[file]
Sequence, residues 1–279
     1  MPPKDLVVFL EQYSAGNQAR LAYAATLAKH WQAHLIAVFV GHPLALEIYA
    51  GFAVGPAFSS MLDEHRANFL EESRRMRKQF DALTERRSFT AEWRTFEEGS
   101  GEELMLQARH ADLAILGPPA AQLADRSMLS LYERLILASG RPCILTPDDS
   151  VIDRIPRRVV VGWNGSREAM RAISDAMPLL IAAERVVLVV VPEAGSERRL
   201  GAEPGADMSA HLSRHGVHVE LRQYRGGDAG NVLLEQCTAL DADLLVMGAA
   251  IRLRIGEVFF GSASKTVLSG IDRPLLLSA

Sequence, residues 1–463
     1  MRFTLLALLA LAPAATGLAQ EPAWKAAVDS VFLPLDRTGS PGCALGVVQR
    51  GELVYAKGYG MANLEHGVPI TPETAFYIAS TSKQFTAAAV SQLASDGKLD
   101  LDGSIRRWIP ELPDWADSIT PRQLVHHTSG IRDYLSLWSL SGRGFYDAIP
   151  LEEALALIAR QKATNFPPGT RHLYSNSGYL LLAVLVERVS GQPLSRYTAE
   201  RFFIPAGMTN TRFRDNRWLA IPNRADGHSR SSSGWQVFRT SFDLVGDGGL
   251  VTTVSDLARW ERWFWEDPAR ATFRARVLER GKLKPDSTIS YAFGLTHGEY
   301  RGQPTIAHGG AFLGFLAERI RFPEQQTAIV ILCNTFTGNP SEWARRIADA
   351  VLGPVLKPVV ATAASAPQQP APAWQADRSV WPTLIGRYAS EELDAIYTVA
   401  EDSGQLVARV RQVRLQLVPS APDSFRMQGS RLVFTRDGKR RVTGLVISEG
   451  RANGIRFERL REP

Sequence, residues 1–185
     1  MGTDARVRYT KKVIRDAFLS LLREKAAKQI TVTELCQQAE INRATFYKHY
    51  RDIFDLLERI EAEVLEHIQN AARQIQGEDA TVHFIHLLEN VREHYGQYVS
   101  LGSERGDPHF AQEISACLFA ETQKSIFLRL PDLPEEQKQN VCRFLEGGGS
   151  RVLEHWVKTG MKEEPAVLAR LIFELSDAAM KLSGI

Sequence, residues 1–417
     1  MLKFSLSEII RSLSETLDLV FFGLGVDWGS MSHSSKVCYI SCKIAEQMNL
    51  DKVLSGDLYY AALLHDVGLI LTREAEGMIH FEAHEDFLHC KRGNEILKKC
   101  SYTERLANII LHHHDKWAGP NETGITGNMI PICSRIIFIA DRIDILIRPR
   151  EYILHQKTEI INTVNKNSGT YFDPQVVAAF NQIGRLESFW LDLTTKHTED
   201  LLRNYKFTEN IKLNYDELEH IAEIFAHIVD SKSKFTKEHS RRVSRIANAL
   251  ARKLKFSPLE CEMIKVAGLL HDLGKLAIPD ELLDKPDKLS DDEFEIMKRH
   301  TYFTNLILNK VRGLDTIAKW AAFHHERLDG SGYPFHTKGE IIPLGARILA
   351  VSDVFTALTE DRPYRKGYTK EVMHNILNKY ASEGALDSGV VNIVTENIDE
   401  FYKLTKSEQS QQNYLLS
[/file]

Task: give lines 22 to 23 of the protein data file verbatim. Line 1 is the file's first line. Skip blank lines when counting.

   101  LGSERGDPHF AQEISACLFA ETQKSIFLRL PDLPEEQKQN VCRFLEGGGS
   151  RVLEHWVKTG MKEEPAVLAR LIFELSDAAM KLSGI